RUFUS WAINWRIGHT opening for TORI AMOS at Massey Hall (178 Victoria), Friday (October 19). Sold out. 416-872-4255. Rating: NNNNN
Rufus Wainwright is feeling a little apocalyptic these days.
Considering the state of the world right now, and the fact that the cabaret crooner was in Manhattan on September 11 and has returned there exactly a month later, "breathing dust and having a coronary every time an ambulance drives by," that's hardly surprising.
Still, unlike many artists who have shut down in the wake of what's happened, Wainwright's chosen to make the most of the situation, getting a head start on his third album and planning to record some new songs in Montreal later this year.
"I'm writing a lot about the end of the world right now," Wainwright admits from his Manhattan hotel. "That's what everyone's thinking about, but it's weird because a lot of my stuff was written before September 11. The recurring themes seem to be god, the devil and me. All the big ideas.
"I don't know how this fits in, but I've been listening to Dolly Parton a lot since September 11. When the bombing happened, she was the only thing I could listen to that would make me feel patriotic. I think instead of big flags, Americans should put up pictures of Dolly. At least people would know what they're fighting for."
It's not entirely shocking that Wainwright would be thinking about his next project just months after his current one hit shelves.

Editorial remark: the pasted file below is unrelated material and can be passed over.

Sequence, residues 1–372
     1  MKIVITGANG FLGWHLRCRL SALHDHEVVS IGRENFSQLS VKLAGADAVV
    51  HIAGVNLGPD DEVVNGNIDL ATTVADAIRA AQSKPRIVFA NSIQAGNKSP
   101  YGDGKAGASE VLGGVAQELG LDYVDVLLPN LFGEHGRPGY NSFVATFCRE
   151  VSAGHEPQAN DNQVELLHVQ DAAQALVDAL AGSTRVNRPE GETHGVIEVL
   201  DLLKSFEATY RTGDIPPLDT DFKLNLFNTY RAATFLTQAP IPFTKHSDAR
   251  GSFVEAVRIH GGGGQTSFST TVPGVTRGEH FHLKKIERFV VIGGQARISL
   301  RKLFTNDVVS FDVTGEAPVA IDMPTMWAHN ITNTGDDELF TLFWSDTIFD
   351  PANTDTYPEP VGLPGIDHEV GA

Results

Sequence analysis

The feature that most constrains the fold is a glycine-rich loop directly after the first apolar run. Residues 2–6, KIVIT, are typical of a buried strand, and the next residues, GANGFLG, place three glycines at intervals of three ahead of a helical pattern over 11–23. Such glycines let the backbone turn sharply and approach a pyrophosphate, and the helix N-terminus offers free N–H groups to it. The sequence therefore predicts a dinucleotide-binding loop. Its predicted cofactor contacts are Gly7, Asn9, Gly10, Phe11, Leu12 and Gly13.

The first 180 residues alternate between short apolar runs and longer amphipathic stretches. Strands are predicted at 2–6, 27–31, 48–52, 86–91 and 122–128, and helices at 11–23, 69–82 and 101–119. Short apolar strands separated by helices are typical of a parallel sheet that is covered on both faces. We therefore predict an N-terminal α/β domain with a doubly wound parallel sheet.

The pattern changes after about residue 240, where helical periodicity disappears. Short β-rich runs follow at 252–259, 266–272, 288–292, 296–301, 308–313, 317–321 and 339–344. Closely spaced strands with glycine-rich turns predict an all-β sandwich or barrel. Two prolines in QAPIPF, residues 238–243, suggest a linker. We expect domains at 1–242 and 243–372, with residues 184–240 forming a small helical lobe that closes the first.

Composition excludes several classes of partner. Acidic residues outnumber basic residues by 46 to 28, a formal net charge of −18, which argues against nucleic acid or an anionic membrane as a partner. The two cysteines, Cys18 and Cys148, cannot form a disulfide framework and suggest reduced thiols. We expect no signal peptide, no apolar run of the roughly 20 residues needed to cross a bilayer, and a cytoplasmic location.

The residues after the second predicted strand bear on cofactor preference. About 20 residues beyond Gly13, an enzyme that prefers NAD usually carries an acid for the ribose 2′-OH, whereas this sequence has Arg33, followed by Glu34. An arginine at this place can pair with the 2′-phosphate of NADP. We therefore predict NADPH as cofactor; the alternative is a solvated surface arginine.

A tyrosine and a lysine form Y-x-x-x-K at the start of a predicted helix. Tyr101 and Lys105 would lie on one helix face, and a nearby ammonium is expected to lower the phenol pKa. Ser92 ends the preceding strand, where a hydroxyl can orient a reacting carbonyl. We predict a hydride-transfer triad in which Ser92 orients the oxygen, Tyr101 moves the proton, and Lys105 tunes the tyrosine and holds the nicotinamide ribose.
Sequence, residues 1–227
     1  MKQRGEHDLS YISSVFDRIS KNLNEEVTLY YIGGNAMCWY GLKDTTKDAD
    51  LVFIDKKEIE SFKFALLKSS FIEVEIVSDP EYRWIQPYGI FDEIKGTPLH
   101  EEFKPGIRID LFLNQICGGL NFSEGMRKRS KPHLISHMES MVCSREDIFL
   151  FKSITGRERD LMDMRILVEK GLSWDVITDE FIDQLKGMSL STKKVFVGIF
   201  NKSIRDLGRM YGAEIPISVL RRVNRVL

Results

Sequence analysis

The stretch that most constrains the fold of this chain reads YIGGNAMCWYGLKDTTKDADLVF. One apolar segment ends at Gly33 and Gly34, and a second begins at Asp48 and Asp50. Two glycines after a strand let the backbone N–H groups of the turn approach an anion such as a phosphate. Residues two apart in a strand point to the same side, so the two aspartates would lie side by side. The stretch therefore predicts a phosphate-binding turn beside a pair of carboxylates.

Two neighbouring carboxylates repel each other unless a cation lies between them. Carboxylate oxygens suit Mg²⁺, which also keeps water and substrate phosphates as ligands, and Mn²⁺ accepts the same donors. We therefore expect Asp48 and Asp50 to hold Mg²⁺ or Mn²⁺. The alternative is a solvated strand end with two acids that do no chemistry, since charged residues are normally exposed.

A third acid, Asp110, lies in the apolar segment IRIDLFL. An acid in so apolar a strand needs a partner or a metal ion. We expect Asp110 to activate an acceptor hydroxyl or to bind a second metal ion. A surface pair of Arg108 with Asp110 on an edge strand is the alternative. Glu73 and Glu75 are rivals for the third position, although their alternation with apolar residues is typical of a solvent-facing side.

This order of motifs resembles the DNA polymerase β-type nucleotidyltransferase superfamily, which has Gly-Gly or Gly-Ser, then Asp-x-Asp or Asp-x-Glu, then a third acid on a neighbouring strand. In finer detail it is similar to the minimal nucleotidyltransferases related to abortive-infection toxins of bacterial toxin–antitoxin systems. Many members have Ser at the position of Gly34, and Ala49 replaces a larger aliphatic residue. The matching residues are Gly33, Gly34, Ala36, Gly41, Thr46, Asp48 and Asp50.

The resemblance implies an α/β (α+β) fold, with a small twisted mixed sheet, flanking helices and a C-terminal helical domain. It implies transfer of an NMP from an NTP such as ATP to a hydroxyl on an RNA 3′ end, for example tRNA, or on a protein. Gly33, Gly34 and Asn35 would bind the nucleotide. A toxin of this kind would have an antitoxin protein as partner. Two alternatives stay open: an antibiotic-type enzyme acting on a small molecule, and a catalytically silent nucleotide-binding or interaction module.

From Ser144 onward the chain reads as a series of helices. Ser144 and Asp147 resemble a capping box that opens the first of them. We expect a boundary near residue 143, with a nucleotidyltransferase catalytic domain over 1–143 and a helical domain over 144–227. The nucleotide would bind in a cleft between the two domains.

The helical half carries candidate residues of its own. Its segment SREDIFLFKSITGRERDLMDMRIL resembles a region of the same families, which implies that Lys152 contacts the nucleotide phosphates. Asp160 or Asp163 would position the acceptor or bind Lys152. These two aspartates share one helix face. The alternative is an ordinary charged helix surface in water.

Following the cancellation of the Pet Shop Boys' Wotapalava festival, Wainwright virtually slipped from the radar after this summer's release of his sophomore disc, Poses. His solo tour in support of the record has been delayed until 2002 in favour of short opening sets in sheds for Roxy Music and now Tori Amos.
After the hoopla that surrounded his self-titled debut, the relative silence from a guy who admittedly loves to be the star attraction is deafening.
"I'm in this dues-paying mode right now," Wainwright deadpans. "All these opening slots help me get my music out to more people, and I guess it's something I have to do. It's like paying taxes.
"It's extremely frustrating and difficult, but I've been told that it pays off in the end. The more and more I get on in this business, the less ambitious I am and the less desire I have to climb my way to the top. I was extremely ambitious with the last record and it took a lot out of me. Now, I'm going to take it as it comes. I'll have them come to me."